Northwestern Medicine studies are improving the understanding of epigenetic mechanisms in cancer development and progression, as well as pinpointing genes that drive the development of cancers, which may help identify patients who will benefit from immunotherapy. The research was led by Qi Cao, PhD, associate professor of Urology.
RNA splicing is a process in which newly made mRNA is transformed into mature mRNA. During this process, introns (non-protein coding regions of RNA) are removed, and exons (protein-coding regions of RNA) are joined together.Genes enriched with exitron splicing (EIS) have the capacity to act as a driver of cancer development and may serve as promising therapeutic targets, according to findings published in Molecular Cell. Cao and Qi Liu, PhD, a postdoctoral fellow in the Cao Laboratory, were co-authors of the study.
An alternative type of RNA splicing is EIS, in which some introns usually cut out of an RNA sequence are preserved, which creates a “cryptic intron” called an exitron, an RNA sequence that results in altered protein structure and function and can mimic the outcome of genetic alterations.
Exitrons specifically are spliced internal regions of exons and are retained under normal conditions. Because they are internal parts of the exons, they do not contain stop codons, which normally signal the end of the translation process of an mRNA sequence.
While EIS is has been poorly understood, recent research suggests a role for EIS in cancer, specifically that the proteins encoded by exitron-spliced mRNAs may contribute to cancer development, according to the authors.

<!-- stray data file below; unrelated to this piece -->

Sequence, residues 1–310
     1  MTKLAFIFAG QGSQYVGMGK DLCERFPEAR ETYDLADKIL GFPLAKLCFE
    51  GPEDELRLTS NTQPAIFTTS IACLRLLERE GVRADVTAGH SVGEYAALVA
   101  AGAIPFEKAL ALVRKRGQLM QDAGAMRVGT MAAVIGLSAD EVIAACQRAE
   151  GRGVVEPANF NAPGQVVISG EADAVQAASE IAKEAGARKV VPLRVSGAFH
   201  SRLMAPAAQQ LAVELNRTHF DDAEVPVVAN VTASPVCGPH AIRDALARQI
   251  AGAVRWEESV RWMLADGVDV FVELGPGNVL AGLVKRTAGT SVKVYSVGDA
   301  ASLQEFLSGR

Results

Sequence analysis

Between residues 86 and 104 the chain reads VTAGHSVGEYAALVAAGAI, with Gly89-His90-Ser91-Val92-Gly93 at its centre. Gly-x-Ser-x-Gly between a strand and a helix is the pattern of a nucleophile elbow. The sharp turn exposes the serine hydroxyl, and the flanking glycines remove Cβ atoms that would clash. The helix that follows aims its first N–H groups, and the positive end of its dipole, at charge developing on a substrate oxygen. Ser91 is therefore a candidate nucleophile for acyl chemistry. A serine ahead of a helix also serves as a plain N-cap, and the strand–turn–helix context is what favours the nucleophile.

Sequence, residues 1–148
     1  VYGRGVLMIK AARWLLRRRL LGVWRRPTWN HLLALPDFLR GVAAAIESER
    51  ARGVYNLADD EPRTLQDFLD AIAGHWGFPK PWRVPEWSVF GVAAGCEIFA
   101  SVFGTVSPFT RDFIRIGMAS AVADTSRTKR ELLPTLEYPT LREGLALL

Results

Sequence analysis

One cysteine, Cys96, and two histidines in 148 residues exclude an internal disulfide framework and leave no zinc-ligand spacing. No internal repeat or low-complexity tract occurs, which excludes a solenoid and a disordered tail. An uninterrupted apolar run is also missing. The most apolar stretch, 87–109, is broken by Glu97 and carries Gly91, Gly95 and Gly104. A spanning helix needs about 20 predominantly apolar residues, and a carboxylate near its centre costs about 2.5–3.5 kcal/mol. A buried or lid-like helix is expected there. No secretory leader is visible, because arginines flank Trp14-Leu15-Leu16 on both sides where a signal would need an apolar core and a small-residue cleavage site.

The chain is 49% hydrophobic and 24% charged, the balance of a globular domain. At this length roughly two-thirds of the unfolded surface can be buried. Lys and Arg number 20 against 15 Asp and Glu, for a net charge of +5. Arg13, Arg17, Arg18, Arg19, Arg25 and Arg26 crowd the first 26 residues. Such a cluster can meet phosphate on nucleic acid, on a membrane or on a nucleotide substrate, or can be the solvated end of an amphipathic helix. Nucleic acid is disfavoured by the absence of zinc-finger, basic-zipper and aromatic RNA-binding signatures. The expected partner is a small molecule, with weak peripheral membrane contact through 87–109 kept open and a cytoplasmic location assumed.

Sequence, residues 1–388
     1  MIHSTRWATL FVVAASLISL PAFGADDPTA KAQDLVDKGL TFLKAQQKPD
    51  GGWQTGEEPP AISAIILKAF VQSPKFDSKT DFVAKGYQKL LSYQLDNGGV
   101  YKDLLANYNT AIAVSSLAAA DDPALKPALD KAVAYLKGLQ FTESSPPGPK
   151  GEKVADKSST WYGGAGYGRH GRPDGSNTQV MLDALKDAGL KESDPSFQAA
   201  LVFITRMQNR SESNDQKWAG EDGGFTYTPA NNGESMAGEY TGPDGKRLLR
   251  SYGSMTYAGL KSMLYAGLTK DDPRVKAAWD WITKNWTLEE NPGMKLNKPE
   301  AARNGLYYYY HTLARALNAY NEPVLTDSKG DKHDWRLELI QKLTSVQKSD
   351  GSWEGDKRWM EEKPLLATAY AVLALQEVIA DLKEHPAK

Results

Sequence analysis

For the current study, the investigators analyzed transcriptome sequencing data from 10,000 samples across 33 cancer types and discovered that EIS affected 63 percent of human coding genes, with 95 percent of those events being tumor-specific.
“This expands significantly on previous studies that indicated that only 4 percent of genes display EIS,” Cao said.
They also found that genes enriched for significantly exitron-spliced genes (SEGs) were mutually exclusive with significantly mutated genes in cancer. Further analysis of SEGs revealed the gene NEFH as a novel tumor suppressor in prostate cancer.
Previous work has also demonstrated the role of mRNA splicing in generating tumor neoantigens, which are proteins that form on tumor cells and play a role in the body’s immune response to cancer. That work, coupled with the current findings, could help identify patients who best respond to immunotherapy as well as aid the development of new therapeutic strategies, according to Cao.
“Our findings imply that EIS represents an additional cancer-driving mechanism beyond genetic alterations. Furthermore, our analyses reveal that EIS-derived neoantigen burden is a candidate predictor for cancer immunotherapy response,” Cao said.
While findings reveal that SEGs have the potential to be cancer driver genes, most SEGs are understudied. For next steps, Cao said the team hopes to systematically characterize the functions of SEGs.
“In addition, our present analysis of the immunogenicity of EIS-derived neoantigens was mainly driven by availability within the public datasets. Further work to experimentally demonstrate T cell recognition of identified neoantigens in the tumor or peripheral blood will be crucial to prioritize cancer immunotherapy targets in clinical trials,” Cao said.
Source – Northwestern University